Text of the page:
Prager University, a conservative nonprofit that creates educational videos, is suing Google for allegedly discriminating against the digital media organization for its fairly moderate ideological slant.
Specifically, PragerU is accusing YouTube, which is owned by Google parent company Alphabet, of restricting or “demonetizing” videos even though they all appear to be innocuous and compliant with the platform’s rules.
PragerU’s videos include former and current professors and scholars from Stanford, Harvard, and Yale, like Alan Dershowitz; prominent athletes like Cobi Jones; popular celebrities like Mike Rowe; and influential figures like Steve Forbes. The majority of the people featured—sans political commentator Dinesh D’Souza—are not usually considered exceptionally controversial. Neither are a lot of the topics, some of which are likely studied in classrooms across the country.
Topics include “Is the Death Penalty Moral” and “The Progressive Income Tax.”
“If you’ve seen any of our videos, they’re very educational, and are very appropriate for ‘young viewers,’” said Craig Strazzeri, chief marketing officer for PragerU, addressing accusations from Google.
YouTube’s help page clarifies that videos containing certain “mature content” will be blocked for users who employ a “Restricted Mode,” a voluntary option in most cases.
Types of content that is obstructed for those viewers include:
- Drugs and alcohol
- Sexual situations
- Mature subjects
- Profane and mature language
- Incendiary and demeaning content
The primary problem with Restricted Mode for PragerU is it’s often not optional for users who are part of or using a larger network, such as the ones operated by schools, libraries, and public institutions.
Demonetization, a less menacing term for revoking sponsorship and thus ad revenue, is another way YouTube can clamp down on content creators, such as what’s being done to PragerU. As the founder of the Internet Creators Guild, Hank Green, notes, making money off of YouTube is no longer an elusive endeavor only afforded to a fraction of the most creative and popular; it is now a legitimate way for some people to earn a steady income, or at least some supplementary funds.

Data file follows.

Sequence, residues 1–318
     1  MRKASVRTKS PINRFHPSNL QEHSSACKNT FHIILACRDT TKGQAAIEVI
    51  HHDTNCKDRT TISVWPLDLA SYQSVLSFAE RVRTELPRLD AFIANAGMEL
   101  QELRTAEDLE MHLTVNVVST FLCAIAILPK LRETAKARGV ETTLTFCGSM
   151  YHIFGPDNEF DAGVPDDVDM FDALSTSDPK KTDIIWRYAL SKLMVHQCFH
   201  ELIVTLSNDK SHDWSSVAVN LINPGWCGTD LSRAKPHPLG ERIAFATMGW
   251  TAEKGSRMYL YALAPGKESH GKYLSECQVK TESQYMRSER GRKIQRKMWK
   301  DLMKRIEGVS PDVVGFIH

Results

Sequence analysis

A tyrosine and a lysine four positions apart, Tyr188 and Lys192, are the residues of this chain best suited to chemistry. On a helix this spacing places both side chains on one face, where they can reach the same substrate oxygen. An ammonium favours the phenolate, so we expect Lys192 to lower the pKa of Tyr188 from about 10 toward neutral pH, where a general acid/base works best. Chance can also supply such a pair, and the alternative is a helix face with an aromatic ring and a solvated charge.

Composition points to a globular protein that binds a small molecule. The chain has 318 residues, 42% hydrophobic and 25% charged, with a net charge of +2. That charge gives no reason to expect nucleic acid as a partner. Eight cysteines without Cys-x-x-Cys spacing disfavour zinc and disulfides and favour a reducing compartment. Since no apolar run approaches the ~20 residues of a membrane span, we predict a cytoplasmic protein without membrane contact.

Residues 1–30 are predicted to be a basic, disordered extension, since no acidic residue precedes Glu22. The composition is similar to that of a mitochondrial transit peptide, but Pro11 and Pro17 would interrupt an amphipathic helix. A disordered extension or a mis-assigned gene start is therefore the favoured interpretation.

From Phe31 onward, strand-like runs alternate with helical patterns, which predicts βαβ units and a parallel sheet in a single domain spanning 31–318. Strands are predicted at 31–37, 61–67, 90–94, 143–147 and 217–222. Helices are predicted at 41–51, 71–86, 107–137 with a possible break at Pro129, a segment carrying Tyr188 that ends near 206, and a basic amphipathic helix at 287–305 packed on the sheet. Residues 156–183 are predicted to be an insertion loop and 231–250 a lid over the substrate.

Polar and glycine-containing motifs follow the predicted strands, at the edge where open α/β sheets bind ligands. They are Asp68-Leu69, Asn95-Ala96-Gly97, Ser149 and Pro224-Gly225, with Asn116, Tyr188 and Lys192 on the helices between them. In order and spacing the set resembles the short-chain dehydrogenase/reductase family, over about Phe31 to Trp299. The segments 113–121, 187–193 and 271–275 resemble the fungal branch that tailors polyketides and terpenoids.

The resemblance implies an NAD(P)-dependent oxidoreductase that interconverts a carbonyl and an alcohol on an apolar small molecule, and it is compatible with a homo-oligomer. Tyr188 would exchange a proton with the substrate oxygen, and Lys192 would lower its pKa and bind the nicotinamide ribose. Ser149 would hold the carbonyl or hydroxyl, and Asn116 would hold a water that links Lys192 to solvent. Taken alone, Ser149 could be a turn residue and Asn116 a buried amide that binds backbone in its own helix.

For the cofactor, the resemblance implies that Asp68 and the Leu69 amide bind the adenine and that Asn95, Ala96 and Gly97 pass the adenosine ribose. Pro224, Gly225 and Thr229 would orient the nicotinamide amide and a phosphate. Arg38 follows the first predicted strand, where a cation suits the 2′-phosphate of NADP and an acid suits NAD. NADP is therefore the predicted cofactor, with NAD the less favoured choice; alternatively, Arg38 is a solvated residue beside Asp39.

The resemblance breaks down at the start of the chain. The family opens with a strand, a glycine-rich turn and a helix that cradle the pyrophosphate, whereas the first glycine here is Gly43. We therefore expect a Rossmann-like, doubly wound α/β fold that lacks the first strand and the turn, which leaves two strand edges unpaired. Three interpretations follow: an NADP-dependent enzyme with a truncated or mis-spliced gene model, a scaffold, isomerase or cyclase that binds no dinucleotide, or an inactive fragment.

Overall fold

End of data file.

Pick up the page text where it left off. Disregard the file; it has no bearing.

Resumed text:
To put this fact into context, Green explains how nowadays there are roughly 300,000 content creators that garner over 100,000 views a month and consequently earn roughly $2,500 a year. And for 1 million views, there are reportedly around 37,000 YouTubers who hit that mark every month.
By demonetizing and restricting a total of 50 videos, PragerU claims that YouTube is targeting it for its relative ideological differences, while also equating it to unlawful censorship and discrimination against its right to freedom of speech.
“Giving viewers the choice to opt in to a more restricted experience is not censorship,” a YouTube spokeswoman told The Daily Caller News Foundation. “In fact, this is exactly the type of tool that Congress has encouraged online services to provide for parents and others interested in a more family-friendly experience online,” she continued, implying that if Congress supports such kinds of initiatives, then it probably doesn’t equate to silencing.
Rick Garnett, a law and political science professor at Notre Dame, told The Daily Caller News Foundation that “as a citizen there are good reasons to think that Google (or employees of the company) have been discriminating on the basis of viewpoint, ideology, etc.”
Gleb Tsipursky, professor at Ohio State University’s history department and co-founder of ProTruthPledge.org, said he sees it similarly.
“PragerU makes a worthwhile argument to the extent that its content is being treated differently than other content that meets YouTube’s terms of service, for two reasons,” Tsipursky told The Daily Caller News Foundation. He added: